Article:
This Saturday, Afghan men, women and youth will cast their votes in what hopes to be the first democratic presidential transition in the country’s history. For women in particular, the stakes are extremely high, and the occasion evokes both celebration and trepidation.
The election shines a spotlight on the significant gains made by Afghan women since the Taliban were toppled from rule 12 years ago. There are more than 300 female candidates in provincial elections, and there are three running for vice president. Habiba Sarabi, current Governor of Bamiyan province, is the first female vice presidential candidate to share the ticket with a frontrunner.
The election is also helping to shine a spotlight on women’s gains outside of the political arena. One mark of progress I tend to cite when I talk about life after the Taliban is the number of women in security. In Sarabi’s province of Bamiyan alone, there are a reported 21 female police officers. On the educational front, there were fewer than 500,000 boys in school under the Taliban, today more than 9 million children go to school and 4 million of them are girls.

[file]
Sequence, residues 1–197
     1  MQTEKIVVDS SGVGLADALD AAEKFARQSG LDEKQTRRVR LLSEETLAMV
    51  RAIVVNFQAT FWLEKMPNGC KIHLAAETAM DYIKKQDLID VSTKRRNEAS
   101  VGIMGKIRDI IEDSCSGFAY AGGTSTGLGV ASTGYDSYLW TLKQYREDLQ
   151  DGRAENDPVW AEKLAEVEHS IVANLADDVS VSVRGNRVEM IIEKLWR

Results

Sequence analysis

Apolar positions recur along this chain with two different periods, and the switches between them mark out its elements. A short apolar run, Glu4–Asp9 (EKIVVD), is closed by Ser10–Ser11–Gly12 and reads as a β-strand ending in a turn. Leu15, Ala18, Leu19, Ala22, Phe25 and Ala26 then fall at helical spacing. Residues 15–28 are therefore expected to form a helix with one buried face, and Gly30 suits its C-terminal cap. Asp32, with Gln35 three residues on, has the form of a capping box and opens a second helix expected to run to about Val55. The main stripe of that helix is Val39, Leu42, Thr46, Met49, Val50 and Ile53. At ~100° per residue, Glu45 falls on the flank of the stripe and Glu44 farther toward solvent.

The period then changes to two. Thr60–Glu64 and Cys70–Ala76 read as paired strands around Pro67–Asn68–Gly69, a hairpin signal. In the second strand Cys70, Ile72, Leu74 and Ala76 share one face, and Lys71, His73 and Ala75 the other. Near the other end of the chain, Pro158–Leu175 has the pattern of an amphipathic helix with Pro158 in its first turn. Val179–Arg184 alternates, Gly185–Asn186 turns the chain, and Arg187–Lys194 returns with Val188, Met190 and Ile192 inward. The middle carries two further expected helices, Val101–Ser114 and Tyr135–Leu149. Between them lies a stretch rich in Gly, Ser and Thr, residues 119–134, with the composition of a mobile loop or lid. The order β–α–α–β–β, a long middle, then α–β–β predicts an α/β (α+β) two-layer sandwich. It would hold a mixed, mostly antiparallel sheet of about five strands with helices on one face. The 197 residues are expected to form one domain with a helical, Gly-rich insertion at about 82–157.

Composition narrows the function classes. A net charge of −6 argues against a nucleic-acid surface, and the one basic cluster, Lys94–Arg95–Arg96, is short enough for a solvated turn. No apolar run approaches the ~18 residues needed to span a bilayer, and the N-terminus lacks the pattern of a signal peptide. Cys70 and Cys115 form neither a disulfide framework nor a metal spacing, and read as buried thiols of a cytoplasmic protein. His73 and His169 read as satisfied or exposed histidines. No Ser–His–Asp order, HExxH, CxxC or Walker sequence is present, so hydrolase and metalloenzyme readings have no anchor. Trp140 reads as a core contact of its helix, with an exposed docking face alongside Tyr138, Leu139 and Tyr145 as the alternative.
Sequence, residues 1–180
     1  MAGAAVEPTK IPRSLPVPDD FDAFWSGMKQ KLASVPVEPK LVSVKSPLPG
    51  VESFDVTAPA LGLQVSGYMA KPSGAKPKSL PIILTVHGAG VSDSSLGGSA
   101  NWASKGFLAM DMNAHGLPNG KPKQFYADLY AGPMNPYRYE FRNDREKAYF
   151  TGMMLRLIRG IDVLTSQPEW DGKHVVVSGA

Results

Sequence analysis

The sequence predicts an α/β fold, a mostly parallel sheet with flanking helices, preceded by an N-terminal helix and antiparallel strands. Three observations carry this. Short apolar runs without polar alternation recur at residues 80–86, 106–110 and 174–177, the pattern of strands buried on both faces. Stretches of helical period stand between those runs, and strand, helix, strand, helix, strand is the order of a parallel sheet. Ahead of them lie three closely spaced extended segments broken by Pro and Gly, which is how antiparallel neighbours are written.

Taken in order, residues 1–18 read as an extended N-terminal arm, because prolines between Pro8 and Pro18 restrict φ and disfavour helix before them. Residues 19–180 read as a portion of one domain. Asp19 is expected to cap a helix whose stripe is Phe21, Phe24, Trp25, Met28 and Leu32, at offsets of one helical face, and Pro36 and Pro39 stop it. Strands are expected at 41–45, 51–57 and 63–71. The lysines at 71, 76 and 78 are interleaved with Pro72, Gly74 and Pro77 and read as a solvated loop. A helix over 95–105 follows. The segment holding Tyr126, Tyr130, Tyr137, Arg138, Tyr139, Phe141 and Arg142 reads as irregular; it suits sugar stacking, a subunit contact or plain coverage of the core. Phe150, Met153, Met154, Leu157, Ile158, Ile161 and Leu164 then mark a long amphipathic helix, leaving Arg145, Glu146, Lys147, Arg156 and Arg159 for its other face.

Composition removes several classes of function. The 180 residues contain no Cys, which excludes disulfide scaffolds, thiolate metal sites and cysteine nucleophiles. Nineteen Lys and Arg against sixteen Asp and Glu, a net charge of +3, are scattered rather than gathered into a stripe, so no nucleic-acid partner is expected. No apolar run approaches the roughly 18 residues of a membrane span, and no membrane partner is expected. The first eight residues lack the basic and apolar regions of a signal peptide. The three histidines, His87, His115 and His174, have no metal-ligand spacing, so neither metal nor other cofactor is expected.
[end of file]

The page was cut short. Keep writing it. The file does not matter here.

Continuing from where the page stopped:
But these gains are fragile. The Taliban promises to disrupt the elections, and although violence is reportedly at its lowest point in 2 years, they are making good on their threats to use violence to intimidate voters.
“Many of the students at the school I’m involved in haven’t lived under the Taliban.”
We touched on many of these issues in my recent conversation with humanitarian and lawyer Cornelia Schneider, a Fletcher alumna who has dedicated her energies to women’s rights and improving their access to justice in war-ravaged countries like Afghanistan, Chad and the Democratic Republic of Congo. Her efforts in Afghanistan have helped to provide education and leadership skills to a new generation of young women in Afghanistan, who, in her words have “never lived under the Taliban.”
Let’s hope they never have to.
Editor’s note: Ms. Schneider was honored with the inaugural Fletcher Women’s Leadership Award during a ceremony held at the School on Friday, March 7. Read Connie’s 3 Plus 1 Tips for Creating Positive Change in Conflict.
Dean Stavridis with his basset hound, Lilly.
Dean James Stavridis is the 12th leader of The Fletcher School since its founding in 1933. A retired Admiral in the U.S. Navy, he led the NATO Alliance in global operations from 2009 to 2013 as Supreme Allied Commander.
- NATO Needs Strong Policy Against Cyber Threats
- Video Update: August 2014, Interview Professor Eileen Babbitt, Director of the International Negotiation and Conflict Resolution Program
- Colombia’s Progress: Lessons for the Arab World
- U.S. and NATO Need to Do More in Ukraine
- Should NATO Respond To Downing Of Malaysia Flight 17?